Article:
78 per viscera misericordiæ Dei nostri, in quibus visitavit nos, oriens ex alto: 
79 illuminare his qui in tenebris et in umbra mortis sedent: ad dirigendos pedes nostros in viam pacis.


[67] And Zachary his father was filled with the Holy Ghost; and he prophesied, saying: 

[68] Blessed be the Lord God of Israel; because he hath visited and wrought the redemption of his people: 
[69] And hath raised up an horn of salvation to us, in the house of David his servant: 
[70] As he spoke by the mouth of his holy prophets, who are from the beginning: 
[71] Salvation from our enemies, and from the hand of all that hate us: 
[72] To perform mercy to our fathers, and to remember his holy testament, 
[73] The oath, which he swore to Abraham our father, that he would grant to us, 
[74] That being delivered from the hand of our enemies, we may serve him without fear, 
[75] In holiness and justice before him, all our days. 
[76] And thou, child, shalt be called the prophet of the Highest: for thou shalt go before the face of the Lord to prepare his ways: 
[77] To give knowledge of salvation to his people, unto the remission of their sins: 
[78] Through the bowels of the mercy of our God, in which the Orient from on high hath visited us: 
[79] To enlighten them that sit in darkness, and in the shadow of death: to direct our feet into the way of peace. 

Commentary (de Lapide)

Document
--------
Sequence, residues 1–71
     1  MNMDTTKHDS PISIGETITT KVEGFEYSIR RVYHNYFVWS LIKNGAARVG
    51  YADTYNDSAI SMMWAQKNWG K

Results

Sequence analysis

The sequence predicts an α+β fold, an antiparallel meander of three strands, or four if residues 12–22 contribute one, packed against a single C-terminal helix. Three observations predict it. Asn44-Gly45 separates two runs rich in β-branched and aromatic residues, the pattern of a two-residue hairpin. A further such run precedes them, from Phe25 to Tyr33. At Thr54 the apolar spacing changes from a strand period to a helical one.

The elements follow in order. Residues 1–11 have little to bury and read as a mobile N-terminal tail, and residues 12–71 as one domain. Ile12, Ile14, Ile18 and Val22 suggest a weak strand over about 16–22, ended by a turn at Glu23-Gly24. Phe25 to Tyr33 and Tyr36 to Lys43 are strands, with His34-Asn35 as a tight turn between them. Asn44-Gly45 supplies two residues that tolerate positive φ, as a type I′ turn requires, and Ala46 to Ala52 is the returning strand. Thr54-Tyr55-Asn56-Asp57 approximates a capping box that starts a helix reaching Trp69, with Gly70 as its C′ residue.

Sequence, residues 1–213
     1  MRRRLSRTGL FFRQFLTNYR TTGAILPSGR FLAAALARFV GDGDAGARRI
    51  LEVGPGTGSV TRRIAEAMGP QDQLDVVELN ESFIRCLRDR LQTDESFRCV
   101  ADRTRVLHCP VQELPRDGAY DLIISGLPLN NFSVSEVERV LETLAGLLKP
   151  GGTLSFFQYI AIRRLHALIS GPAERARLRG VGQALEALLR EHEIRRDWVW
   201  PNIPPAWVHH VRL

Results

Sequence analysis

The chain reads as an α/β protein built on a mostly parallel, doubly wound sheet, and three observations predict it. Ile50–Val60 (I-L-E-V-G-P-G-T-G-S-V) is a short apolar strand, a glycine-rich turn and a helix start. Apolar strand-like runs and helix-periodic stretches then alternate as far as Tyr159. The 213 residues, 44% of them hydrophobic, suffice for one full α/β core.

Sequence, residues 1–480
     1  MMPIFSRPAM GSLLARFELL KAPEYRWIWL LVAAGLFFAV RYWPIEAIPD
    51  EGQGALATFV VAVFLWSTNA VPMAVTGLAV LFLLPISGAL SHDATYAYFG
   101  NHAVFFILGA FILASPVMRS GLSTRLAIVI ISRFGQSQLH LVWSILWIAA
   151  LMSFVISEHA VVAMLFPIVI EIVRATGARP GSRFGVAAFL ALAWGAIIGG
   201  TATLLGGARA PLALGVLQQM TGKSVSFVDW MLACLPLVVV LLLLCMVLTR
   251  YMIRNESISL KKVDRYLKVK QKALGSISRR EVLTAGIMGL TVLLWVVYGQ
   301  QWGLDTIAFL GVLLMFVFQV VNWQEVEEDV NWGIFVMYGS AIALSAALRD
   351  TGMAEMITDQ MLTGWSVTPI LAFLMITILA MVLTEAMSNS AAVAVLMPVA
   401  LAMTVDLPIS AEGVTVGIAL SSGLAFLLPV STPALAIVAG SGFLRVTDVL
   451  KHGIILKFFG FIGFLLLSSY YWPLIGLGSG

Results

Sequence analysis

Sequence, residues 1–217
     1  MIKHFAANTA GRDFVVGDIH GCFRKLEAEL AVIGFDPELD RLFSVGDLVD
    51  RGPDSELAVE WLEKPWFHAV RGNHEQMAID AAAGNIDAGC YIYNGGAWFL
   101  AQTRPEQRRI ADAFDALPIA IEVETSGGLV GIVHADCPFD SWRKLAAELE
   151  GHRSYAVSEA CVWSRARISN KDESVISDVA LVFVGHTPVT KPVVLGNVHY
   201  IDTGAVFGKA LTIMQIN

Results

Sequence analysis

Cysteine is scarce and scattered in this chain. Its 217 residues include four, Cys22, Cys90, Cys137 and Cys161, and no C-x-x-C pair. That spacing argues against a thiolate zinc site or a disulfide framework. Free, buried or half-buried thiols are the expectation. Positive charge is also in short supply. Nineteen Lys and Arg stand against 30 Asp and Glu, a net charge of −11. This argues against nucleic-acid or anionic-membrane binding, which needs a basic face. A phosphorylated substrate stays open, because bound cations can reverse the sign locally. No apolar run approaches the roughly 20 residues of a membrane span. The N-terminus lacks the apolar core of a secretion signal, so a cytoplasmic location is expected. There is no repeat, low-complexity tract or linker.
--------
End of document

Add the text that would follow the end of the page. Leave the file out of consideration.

Ver. 76.—And thou, child. And thou John, though thou art only now eight days old, yet when thou art twenty-nine years old, thou wilt be a Prophet announcing and pointing out the Christ. This is the second part of the song in which Zacharias passes from Christ to his son, and foretells that he will be the Prophet and Forerunner of Christ.  S. Ambrose, Origen, Theophylact, and Titus say that the infant, inasmuch as he had been gifted with the use of reason in the womb of his mother, understood these words in which his father addressed him. Ambrose says, “He could hear the voice of his father who before he was born heard the salutation of Mary. He surely knew that there were certain organs of hearing in a prophet, which were unclosed by the Spirit of God, not by the growth of the body.” Bede adds, “Unless perhaps Zacharias is to be supposed to have wished, as soon as he was able to speak, to declare rather for their instruction who were present, the future gifts of his son, which he had learnt long before from the angel.”